Matt Damon works up an appetite in Suburbicon. (Elevation Pictures image)

Reel Reviews: Murderous movies

We say, "Suburbicon is less finessed than Fargo. Jigsaw is as sick as the last round of games"

Taylor and Howe have seen two very different films this week, although they’re both films about murder.

Taylor viewed Suburbicon, which is a fictional tale of an odd crime set in ’50s American suburbia. The film stars Matt Damon, Julianne Moore and Oscar Isaac, was written by the Coen brothers (Fargo, The Big Lebowski) and directed by first-time director George Clooney.

Howe went to the latest instalment of the Saw movies: After criminal Edgar Munsen gets wounded by police in a shootout, he tells them that Jigsaw has returned from the grave for one last round of games. Soon the bodies start to rack up and the police have a race against time to figure out who is behind this copycat killer.

We say “ Suburbicon is less funny and finessed than Fargo. Jigsaw is as sick as the last round of games.”

TAYLOR: The press is down on Suburbicon, perhaps audiences too. There weren’t very many patrons to see this film, a film I was looking forward to. Maybe everyone is down on the film because it feels like Coen brothers light. It has all the right slices, a bit of America, a bit of absurdity, a crime, odd characters, extreme behaviour and dark comedy. I love the Coens and their films, but I understand they’re a bit of an acquired taste. Fargo is perhaps the most accessible and most perfect of their films, every other Coens’ film asks something of the audience. Suburbicon asks us to forgive director Clooney’s heavy-handedness. The social messages in the film felt a bit tacked on, not really explaining much but only added to give the film some weight. It feels like something Clooney would do and he did. However, this is the opinion of a picky Coens fan and if you went into Suburbicon with an open mind, I think you would be treated to an interesting little film that is more entertaining than it is memorable or fun.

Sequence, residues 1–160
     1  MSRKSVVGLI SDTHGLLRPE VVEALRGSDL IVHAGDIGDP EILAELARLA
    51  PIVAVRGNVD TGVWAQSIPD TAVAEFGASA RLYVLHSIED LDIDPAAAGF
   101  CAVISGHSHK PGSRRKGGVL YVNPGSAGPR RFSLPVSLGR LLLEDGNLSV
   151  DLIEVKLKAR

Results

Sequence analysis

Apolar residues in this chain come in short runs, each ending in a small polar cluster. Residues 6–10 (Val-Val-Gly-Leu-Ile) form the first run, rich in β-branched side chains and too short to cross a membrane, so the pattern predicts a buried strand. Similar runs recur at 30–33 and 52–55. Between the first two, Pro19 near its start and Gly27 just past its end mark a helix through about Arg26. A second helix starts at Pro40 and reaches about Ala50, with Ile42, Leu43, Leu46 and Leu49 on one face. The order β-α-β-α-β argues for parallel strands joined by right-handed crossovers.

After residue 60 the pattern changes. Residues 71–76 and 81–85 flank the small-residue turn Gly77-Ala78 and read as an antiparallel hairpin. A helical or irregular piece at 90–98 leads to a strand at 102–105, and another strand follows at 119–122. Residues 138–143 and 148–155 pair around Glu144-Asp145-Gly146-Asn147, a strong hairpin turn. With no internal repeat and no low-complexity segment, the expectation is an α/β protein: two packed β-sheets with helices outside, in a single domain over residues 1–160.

HOWE: I gave up on the Saw franchise after the third instalment, the reason being they just became too sick, too twisted and had really no storyline except how to kill people in the most disgusting ways possible. This latest instalment, part eight, returns to the good old original idea, again. Jigsaw has some twisted moments, some nice new appliances and a semi-decent plot as to who is behind these games. The acting is okay for a gross, gory film — no big stars but what do you expect? We do get to see one old, familiar face. There is blood, yes lots of blood and some very ingenious contraptions to test the subjects and spill that blood. Yet all the killer really wants from his victims is to confess to their sins. If they can do that, they will be set free. I will confess this was actually better than I thought it would be.

TAYLOR: The marketing for Jigsaw is abuzz with the fact that these Saw films contain practical special effects, meaning they build these awful things and figure out how to make everything you’re seeing happen in the real world, rather than a computer. This, I suppose is worth something, if only kudos, but shouldn’t be your only reason to see this movie.

Taylor gives Suburbicon three ad hominem attacks out of five.

Howe gives Jigsaw three bucketheads out of five.

Taylor and Howe are movie reviewers living in the Okanagan.

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